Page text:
What is Cognitive-behavioural therapy (CBT)?
Cognitive-behavioural therapy (CBT) is a practical, short-term form of psychotherapy. It helps people to develop skills and strategies for becoming and staying healthy.
CBT focuses on the here-and-now—on the problems that come up in day-to-day life. CBT helps people to examine how they make sense of what is happening around them and how these perceptions affect the way they feel.
- is structured
- is time-limited (usually 6-20 sessions)
- is problem-focused and goal-oriented
- teaches strategies and skills
- is based on a poaitive, shared therapeutic relationship between therapist and client
In this video, Dr. Zindel Segal, a CBT expert, discusses how CBT works. The video also features people explaining how CBT helped them deal with various mental health problems, including depression and schizophrenia.
The CBT model is built on a two-way relationship between thoughts (“cognitions”) and behaviours. Each can influence the other.
There are three levels of cognition:
- Conscious thoughts: Rational thoughts and choices that are made with full awareness.
- Automatic thoughts: Thoughts that flow rapidly, so that you may not be fully aware of them. This may mean you can’t check them for accuracy or relevance. In a person with a mental health problem, these thoughts may not be logical.
- Schemas: Core beliefs and personal rules for processing information. Schemas are shaped by influences in childhood and other life experiences.
Behaviour can be changed using techniques such as self-monitoring, activity scheduling (for depression) and exposure and response prevention (for anxiety).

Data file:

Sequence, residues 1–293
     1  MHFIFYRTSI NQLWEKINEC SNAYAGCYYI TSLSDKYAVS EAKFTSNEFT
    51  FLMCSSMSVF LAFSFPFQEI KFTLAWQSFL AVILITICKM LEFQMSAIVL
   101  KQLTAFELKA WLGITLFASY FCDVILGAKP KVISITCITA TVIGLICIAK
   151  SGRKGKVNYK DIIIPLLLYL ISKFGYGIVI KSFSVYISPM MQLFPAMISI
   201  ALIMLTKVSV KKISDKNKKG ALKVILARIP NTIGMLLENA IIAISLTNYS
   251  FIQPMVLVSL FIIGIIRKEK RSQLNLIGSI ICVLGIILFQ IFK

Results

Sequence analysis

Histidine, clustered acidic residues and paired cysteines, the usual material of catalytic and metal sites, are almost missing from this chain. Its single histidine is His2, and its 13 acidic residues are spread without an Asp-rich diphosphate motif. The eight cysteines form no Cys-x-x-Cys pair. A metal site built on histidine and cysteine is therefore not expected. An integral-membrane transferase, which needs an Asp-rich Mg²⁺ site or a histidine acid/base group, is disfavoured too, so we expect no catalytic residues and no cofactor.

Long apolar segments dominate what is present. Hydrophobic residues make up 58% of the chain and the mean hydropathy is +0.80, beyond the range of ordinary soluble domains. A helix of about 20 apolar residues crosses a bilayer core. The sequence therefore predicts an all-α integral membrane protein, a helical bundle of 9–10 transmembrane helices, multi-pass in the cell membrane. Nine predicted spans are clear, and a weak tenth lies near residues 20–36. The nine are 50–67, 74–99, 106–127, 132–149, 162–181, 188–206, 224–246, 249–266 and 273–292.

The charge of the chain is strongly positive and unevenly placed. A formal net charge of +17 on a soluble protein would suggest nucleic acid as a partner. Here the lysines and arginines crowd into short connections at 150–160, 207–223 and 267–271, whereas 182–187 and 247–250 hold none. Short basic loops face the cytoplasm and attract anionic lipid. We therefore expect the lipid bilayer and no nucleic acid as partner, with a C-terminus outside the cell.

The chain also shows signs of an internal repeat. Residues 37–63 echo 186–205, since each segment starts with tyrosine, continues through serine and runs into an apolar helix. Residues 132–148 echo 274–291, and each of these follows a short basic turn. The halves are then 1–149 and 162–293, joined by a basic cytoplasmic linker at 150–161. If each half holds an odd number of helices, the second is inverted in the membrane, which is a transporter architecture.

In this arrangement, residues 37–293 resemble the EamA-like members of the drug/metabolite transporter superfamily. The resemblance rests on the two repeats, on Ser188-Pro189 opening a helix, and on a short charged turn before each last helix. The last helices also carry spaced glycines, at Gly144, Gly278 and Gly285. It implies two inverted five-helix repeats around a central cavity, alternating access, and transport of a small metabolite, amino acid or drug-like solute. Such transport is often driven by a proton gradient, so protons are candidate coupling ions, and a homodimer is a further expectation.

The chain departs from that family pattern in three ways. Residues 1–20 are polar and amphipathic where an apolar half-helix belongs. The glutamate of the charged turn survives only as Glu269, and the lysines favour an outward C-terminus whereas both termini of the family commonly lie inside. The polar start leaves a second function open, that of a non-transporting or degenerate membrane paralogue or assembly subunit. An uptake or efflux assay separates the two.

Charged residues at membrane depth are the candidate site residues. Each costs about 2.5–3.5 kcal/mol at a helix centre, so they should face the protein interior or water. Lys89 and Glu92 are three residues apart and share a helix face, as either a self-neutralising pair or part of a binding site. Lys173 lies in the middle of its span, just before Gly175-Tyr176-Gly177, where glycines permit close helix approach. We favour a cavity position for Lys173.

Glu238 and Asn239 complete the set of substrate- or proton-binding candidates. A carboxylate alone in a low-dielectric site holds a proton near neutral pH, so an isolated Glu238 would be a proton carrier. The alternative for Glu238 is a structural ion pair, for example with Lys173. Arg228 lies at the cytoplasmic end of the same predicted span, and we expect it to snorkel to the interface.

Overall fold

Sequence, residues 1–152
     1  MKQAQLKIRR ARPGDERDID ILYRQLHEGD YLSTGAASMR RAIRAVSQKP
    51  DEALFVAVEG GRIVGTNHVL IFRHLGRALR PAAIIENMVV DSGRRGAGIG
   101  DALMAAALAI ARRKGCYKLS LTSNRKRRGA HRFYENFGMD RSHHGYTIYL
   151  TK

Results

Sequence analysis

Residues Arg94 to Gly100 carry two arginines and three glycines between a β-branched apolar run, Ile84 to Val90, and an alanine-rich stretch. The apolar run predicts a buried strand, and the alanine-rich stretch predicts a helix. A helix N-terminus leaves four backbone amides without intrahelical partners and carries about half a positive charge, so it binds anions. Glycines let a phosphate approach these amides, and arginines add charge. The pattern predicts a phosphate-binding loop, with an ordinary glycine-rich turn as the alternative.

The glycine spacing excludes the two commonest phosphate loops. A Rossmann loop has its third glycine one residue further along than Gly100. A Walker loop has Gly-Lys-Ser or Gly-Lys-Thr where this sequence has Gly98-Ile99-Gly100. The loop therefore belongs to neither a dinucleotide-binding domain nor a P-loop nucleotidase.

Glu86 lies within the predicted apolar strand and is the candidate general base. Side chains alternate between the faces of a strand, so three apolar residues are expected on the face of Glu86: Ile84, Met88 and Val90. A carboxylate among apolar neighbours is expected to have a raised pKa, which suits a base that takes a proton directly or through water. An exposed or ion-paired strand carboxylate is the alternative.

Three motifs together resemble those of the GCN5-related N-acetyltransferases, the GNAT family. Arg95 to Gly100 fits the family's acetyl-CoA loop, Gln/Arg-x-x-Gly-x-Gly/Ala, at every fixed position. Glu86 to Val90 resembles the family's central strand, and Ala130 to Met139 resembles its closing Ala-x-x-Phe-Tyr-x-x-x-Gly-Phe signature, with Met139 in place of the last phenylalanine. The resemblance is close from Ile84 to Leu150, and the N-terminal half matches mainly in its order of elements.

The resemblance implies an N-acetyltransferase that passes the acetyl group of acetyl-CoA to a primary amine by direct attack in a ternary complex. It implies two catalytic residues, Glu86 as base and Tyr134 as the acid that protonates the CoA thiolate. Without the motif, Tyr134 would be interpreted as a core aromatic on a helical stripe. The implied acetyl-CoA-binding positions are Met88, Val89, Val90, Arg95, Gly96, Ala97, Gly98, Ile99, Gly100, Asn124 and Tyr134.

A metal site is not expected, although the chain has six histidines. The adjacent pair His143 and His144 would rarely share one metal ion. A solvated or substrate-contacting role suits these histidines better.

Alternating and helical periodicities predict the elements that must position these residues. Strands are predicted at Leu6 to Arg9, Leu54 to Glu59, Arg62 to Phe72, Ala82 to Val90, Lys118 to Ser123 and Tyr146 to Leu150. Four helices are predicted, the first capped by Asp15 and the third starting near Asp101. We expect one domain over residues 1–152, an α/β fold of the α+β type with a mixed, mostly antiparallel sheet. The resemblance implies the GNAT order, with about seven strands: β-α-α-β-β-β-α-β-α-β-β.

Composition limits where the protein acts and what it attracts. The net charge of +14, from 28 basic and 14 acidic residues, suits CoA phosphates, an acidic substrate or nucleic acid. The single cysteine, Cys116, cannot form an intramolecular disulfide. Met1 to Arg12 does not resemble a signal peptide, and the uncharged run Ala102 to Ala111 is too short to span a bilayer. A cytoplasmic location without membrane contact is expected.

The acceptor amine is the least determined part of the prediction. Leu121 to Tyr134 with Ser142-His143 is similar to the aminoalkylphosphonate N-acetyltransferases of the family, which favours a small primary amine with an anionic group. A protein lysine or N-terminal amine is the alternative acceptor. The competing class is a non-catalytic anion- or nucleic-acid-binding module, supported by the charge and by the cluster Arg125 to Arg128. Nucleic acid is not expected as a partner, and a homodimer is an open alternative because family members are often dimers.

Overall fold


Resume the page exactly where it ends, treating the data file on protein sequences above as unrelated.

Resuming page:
What happens in CBT?
In CBT, clients learn to identify, question and change the thoughts, attitudes and beliefs related to the emotional and behavioural reactions that cause them difficulty.
By monitoring and recording thoughts during upsetting situations, people learn that how they think can contribute to emotional problems such as depression and anxiety. CBT helps to reduce these emotional problems by teaching clients to:
- identify distortions in their thinking
- see thoughts as ideas about what is going on, rather than as facts
- stand back from their thinking to consider situations from different viewpoints.
Where is CBT used?
There has been a lot of research on CBT. Evidence suggests that it is particularly effective in treating anxiety and depression. CBT has also been tailored to other specific problems.
For example, CBT is also used to treat:
- bipolar disorder
- eating disorders
- generalized anxiety disorder
- obsessive-compulsive disorder
- panic disorder
- posttraumatic stress disorder
- schizophrenia and psychosis
- specific phobias
- substance use disorders.
CBT and self-help
There are many self-help books and websites based on cognitive-behavioural principles. Evidence shows that these resources are more useful when the person also gets support from a therapist, especially if he or she experiences low mood. CBT-based self-help approaches include:
- computer-based CBT
- professionally supported self-management.
Other therapies that are related to CBT include:
- dialectical behaviour therapy
- mindfulness-based cognitive therapy
- relapse prevention.